What does it mean to mitigate damages?

By Jedidiah McKeehan

So one of the many legal terms that you hear from time to time is the term to “mitigate damages.”

What does that term actually mean?

Well, the best way to define it is to give an example.  Say you are renting a property and the tenant skips out on the lease and that person owed $1,000.00 a month and they still owed 10 months’ worth of rent.  So they owe you $10,000.00, correct?

Yes and no.  The law says that you owe a duty to mitigate your damages.

If you were unable to rent out the property for 10 months, yes, the former tenant would owe you $10,000.00.  However, if after two months, you are able to rent out the property for $1,000.00, then you are required to mitigate your damages and give them credit for all of the money you made, so they only owe you $2,000.00.  If you rent it out 5 months, for $800.00 then they owe you $6,000.00.

Its easy to see how this legal terminology can be applied in a landlord-tenant case, but it can applied in all kinds of cases, contract cases and construction cases to name a couple.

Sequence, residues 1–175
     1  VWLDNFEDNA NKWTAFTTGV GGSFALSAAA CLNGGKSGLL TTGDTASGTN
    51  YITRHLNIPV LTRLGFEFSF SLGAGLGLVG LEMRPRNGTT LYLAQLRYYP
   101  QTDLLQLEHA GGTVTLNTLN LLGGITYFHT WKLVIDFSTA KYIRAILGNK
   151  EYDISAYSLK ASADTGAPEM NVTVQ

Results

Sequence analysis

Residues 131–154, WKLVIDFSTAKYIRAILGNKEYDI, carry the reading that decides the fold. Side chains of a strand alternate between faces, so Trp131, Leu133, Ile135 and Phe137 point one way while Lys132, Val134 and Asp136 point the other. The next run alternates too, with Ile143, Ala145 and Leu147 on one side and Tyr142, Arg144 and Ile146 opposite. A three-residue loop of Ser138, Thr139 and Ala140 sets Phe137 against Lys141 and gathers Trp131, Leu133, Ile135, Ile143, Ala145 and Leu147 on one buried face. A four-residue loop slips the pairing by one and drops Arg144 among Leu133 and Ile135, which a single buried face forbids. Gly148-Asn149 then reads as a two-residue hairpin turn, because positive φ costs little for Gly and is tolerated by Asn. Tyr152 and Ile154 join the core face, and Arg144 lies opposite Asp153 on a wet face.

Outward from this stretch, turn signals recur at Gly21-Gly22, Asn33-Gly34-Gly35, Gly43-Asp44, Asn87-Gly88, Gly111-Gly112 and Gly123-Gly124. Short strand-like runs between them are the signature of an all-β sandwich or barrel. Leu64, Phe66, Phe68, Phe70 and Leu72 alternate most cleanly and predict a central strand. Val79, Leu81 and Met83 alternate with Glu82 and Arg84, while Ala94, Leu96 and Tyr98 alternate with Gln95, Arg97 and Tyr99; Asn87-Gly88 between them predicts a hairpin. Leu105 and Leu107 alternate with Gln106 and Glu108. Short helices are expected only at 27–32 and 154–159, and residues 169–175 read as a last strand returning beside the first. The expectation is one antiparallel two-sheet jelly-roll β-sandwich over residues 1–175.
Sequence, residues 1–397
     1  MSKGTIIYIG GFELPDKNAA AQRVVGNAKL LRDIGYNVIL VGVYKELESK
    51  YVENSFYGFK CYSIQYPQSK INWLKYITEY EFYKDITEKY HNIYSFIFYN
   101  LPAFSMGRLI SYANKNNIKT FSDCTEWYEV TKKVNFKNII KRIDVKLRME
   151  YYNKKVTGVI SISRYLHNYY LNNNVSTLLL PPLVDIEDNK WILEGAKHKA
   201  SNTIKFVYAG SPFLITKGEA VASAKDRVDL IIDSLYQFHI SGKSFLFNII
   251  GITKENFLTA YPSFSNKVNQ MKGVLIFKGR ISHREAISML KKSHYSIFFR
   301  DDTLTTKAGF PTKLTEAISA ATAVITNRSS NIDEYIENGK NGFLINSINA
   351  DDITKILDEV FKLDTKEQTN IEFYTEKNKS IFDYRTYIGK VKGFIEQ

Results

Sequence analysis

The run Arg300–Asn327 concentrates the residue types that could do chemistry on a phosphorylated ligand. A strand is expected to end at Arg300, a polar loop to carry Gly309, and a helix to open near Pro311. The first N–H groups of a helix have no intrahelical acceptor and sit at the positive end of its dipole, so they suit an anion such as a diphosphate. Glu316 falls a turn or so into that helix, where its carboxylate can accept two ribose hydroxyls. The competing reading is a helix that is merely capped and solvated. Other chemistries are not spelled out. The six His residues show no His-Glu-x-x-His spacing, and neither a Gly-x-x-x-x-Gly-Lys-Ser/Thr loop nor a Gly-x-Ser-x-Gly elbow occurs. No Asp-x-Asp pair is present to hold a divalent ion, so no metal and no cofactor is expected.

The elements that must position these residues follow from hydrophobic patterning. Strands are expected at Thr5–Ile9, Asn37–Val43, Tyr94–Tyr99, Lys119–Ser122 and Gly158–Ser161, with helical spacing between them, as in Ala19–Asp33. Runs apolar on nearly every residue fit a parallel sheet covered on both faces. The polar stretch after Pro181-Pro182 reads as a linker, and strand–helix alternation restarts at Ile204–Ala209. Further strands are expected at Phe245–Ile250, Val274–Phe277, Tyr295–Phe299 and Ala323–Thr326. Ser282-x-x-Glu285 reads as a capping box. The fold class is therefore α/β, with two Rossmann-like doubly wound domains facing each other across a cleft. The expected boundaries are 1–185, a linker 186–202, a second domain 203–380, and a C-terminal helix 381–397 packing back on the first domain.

What’s the rationale behind this?  Its so that the party suing doesn’t get to double dip.  If they re-rent out their property, while collecting money from someone who has already left can be considered a windfall and unequitable.

 

Jedidiah McKeehan is an attorney practicing in Knox County and surrounding counties.  He works in many areas, including criminal, personal injury, landlord-tenant, probate, and estate planning. Visit attorney-knoxville.com for more information about this legal issue and other legal issues.

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